As slow train wrecks go, the California High Speed Rail project is excruciatingly expensive.
And now because of going at it backwards, the 220 mph plus dream train from Los Angeles to San Francisco could be on the verge of derailing in a head-on collision between Democrats in the state Legislature.
There are those who are willing to ride the rail project into white elephant status by clinging to the original grandiose plan hatched nearly two decades ago. Then there are those that want to break down the intrastate project and rebuild the business plan.
Those channeling Dr. Strangelove by riding the massive bomb that’s the original high speed rail business plan while burning through at least $80 billion and 20 plus years of construction before it carries a single passenger all the way from LA to San Francisco need a reality check.
And many Democrats representing the traffic congested LA Basin and the Bay Area want to provide the wakeup call.
They aren’t exactly jumping ship. Instead, they want to see mass transit work. And that means building the high use segments of a statewide rail section first.
And the way to make it happen in car centric California is not to grant Gov. Newsom’s request to give California High Speed Rail Authority the remaining $4.2 billion of the $9.95 billion rail bond voters approved 13 years ago. The governor wants it to finish building the 119-mile Madera to Shafter leg to connect what are respectively the 138th and 339th largest cities in the state.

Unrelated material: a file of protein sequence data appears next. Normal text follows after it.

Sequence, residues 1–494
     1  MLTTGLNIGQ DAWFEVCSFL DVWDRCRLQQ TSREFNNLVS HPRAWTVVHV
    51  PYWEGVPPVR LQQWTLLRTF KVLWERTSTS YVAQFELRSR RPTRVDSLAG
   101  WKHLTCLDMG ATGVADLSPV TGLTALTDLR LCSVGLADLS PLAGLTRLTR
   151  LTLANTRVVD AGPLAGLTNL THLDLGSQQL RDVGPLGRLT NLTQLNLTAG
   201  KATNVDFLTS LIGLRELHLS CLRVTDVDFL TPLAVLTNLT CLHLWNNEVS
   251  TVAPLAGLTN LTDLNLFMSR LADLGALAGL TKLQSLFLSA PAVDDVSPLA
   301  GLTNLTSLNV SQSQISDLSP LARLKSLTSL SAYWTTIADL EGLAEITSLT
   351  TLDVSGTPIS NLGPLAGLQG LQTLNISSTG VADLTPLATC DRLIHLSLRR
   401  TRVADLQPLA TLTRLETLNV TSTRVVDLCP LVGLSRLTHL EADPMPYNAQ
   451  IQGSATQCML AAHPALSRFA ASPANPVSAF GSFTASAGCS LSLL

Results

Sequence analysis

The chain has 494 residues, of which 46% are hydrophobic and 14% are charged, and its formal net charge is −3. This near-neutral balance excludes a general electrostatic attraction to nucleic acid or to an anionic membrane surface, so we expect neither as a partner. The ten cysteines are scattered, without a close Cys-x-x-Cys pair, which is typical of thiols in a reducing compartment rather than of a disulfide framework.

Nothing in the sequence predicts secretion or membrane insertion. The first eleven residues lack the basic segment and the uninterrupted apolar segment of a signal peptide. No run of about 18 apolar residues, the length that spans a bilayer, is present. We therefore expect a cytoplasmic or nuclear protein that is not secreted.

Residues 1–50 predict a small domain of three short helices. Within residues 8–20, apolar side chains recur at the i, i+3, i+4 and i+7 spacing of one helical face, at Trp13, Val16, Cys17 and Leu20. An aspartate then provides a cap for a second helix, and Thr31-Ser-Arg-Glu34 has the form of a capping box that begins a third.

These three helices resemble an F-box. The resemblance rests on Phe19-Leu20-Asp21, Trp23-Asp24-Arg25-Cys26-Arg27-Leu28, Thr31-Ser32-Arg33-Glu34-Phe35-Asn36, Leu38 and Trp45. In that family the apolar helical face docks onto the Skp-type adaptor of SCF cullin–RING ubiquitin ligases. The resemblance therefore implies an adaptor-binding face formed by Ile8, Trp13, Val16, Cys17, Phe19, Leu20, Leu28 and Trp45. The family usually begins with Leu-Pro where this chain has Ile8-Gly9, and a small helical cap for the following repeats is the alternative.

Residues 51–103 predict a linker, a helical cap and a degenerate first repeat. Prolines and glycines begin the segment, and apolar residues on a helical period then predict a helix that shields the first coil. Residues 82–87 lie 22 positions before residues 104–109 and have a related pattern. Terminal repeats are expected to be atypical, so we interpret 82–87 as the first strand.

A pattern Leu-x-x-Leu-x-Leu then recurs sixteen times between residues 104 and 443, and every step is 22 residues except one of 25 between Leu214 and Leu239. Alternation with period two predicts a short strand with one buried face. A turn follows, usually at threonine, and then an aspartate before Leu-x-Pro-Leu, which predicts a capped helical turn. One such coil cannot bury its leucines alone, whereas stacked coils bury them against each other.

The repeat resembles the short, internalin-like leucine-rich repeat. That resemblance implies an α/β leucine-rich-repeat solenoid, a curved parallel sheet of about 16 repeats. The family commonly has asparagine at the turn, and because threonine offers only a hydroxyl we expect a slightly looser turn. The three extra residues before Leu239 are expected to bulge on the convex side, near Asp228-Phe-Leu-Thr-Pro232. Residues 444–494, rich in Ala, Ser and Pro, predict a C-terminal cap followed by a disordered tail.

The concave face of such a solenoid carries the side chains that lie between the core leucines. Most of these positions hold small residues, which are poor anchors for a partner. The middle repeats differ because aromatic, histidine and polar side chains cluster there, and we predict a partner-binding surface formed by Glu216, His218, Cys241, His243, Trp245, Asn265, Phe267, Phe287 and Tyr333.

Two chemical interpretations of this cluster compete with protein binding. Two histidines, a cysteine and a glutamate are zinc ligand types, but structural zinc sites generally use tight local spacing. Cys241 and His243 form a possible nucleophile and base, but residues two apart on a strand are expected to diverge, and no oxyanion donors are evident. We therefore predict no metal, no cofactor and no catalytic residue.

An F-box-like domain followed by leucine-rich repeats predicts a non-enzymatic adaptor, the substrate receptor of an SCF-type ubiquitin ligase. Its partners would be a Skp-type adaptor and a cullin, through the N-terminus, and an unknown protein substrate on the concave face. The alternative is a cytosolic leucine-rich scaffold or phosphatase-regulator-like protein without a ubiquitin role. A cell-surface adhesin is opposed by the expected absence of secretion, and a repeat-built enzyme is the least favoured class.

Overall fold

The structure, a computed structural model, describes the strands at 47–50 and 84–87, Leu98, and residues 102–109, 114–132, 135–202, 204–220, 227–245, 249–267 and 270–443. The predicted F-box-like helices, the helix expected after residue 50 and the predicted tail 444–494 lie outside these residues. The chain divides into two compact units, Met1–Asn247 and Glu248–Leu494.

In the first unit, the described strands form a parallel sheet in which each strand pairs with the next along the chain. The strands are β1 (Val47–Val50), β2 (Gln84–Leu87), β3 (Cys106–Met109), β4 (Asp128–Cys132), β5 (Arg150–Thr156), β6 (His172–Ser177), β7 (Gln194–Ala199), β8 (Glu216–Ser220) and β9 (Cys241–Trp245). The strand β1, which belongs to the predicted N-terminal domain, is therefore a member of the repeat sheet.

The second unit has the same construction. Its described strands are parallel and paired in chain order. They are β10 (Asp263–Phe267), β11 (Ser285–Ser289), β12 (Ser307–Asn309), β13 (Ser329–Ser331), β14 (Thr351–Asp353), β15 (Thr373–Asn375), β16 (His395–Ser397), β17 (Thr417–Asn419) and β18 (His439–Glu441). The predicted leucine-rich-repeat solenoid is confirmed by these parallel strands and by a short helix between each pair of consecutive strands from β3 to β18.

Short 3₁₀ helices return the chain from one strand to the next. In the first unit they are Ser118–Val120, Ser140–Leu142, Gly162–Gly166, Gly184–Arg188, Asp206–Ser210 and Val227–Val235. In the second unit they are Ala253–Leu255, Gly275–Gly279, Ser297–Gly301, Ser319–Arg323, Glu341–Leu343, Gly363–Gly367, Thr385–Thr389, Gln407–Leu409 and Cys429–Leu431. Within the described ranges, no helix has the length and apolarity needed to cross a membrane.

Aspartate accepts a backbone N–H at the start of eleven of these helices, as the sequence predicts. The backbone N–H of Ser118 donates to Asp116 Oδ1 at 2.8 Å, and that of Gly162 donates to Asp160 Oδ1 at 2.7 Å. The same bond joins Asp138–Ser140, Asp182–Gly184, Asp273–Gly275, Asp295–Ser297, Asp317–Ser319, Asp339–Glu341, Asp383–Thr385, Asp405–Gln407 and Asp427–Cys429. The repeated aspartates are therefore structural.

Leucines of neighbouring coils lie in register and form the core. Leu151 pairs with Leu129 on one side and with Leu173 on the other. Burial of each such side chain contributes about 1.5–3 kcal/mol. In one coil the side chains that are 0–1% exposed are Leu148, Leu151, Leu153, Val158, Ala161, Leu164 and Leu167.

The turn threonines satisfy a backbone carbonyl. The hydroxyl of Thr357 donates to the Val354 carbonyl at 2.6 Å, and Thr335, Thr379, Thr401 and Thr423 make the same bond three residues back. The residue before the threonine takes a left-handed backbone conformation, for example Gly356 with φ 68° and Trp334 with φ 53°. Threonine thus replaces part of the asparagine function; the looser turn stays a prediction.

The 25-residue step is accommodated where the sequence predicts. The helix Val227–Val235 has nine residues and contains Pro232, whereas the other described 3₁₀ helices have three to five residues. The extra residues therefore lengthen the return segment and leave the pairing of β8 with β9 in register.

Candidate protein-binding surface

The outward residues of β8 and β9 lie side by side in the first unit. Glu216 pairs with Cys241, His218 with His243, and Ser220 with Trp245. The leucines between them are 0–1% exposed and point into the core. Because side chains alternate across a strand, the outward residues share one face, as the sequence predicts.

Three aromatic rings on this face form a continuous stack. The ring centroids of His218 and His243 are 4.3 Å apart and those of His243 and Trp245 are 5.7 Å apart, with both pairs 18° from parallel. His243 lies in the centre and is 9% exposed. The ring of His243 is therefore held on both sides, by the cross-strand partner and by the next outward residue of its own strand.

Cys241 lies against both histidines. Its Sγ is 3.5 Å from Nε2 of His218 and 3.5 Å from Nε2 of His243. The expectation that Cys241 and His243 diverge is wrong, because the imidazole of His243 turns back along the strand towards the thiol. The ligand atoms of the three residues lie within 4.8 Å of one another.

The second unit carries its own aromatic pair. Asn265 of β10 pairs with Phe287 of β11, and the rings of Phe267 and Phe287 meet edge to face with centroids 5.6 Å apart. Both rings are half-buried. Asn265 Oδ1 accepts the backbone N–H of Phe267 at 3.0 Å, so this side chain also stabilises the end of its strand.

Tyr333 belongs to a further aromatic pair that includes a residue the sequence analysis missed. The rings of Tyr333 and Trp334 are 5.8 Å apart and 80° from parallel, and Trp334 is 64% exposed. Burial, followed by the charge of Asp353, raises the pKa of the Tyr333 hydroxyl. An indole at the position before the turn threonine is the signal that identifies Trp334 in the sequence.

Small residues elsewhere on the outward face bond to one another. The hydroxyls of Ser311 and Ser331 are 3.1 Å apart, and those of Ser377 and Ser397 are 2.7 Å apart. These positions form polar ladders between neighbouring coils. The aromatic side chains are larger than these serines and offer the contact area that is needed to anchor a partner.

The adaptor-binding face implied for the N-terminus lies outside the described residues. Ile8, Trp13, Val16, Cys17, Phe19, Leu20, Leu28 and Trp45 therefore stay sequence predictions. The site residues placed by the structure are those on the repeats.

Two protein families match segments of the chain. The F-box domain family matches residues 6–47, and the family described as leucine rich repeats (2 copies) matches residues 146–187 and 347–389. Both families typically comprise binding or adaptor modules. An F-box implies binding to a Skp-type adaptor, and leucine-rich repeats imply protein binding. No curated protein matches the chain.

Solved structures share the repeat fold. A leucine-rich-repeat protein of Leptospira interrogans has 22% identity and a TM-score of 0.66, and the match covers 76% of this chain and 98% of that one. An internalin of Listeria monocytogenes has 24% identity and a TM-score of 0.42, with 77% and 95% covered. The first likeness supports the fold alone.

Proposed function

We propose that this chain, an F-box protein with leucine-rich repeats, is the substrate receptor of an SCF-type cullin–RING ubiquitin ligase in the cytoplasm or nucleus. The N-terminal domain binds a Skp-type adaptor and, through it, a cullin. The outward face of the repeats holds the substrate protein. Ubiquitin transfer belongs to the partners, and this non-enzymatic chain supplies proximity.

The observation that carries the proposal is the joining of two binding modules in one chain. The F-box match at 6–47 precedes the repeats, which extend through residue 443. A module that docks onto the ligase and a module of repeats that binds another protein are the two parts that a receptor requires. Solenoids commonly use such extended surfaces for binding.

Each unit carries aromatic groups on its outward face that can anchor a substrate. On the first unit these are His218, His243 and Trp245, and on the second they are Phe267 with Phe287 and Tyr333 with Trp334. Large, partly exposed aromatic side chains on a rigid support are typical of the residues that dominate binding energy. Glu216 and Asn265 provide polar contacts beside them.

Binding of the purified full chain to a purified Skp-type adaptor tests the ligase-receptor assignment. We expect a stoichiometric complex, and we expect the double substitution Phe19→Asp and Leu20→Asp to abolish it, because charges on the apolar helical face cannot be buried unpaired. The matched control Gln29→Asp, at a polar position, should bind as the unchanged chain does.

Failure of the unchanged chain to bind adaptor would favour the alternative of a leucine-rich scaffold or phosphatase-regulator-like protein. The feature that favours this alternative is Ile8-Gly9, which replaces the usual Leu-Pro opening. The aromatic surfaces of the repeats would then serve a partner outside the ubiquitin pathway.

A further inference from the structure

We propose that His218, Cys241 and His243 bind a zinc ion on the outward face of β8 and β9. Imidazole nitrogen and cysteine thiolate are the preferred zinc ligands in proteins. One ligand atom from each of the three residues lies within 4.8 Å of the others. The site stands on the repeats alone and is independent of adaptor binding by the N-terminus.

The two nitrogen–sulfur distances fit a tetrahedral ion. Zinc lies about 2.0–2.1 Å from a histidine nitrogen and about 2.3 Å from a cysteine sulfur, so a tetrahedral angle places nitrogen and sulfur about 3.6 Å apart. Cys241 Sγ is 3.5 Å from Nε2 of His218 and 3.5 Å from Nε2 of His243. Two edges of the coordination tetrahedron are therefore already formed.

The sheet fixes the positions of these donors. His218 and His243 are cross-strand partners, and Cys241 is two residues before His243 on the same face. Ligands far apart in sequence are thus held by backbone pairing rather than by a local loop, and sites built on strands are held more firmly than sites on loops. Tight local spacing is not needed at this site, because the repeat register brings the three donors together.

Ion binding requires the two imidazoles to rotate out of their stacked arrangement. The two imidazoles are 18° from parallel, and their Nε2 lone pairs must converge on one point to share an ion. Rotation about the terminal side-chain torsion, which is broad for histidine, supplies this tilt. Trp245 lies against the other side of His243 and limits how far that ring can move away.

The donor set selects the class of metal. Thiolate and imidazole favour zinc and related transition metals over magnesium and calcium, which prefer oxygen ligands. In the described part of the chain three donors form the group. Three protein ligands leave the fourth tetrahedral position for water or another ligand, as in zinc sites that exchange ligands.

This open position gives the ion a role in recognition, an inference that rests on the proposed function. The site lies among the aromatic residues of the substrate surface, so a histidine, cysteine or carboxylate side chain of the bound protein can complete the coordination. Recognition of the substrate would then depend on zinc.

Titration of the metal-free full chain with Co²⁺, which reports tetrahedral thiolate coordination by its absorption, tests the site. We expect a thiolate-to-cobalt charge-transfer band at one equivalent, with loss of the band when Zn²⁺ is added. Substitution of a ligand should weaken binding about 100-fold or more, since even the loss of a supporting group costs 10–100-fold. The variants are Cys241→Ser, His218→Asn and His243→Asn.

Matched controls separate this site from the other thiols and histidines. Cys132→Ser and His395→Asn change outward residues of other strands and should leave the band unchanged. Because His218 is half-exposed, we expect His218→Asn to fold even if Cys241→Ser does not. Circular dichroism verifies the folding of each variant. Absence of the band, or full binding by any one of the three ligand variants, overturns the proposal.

Instead, they want to see the money go first toward building high speed rail segments in the state’s major urban areas — the Greater Los Angeles area and the Bay Area.
Their reasoning is simple. There is a lot more ridership potential for rail projects to move commuters to and from the exburbs and suburbs to urban job centers. It is where non-diesel rail service can do the most to reduce greenhouse gas emissions and to build public use and in turn generate more support for rail commute projects.
The biggest flaw in the high-speed rail plan is it ignored California’s most pressing need of reducing traffic congestion on corridors that are heavily traveled between interior sections of the state and coastal employment centers.
The biggest need has never been reducing congestion and pollution caused by traveling north and south in California.
The decision to dump money into the Central Valley first was done for political expediency to avoid the high-speed folly from collapsing under its grandiose weight.
The CHRA was running into road block after road block of trying to advance high speed rail through urbanized areas. The delays were jeopardizing federal funding.
So, they started with the segment where the least resistance could be mustered, the engineering challenges were minimal, and the terrain essentially flat with minimum pesky people to displace. That is how the Train to Nowhere was born.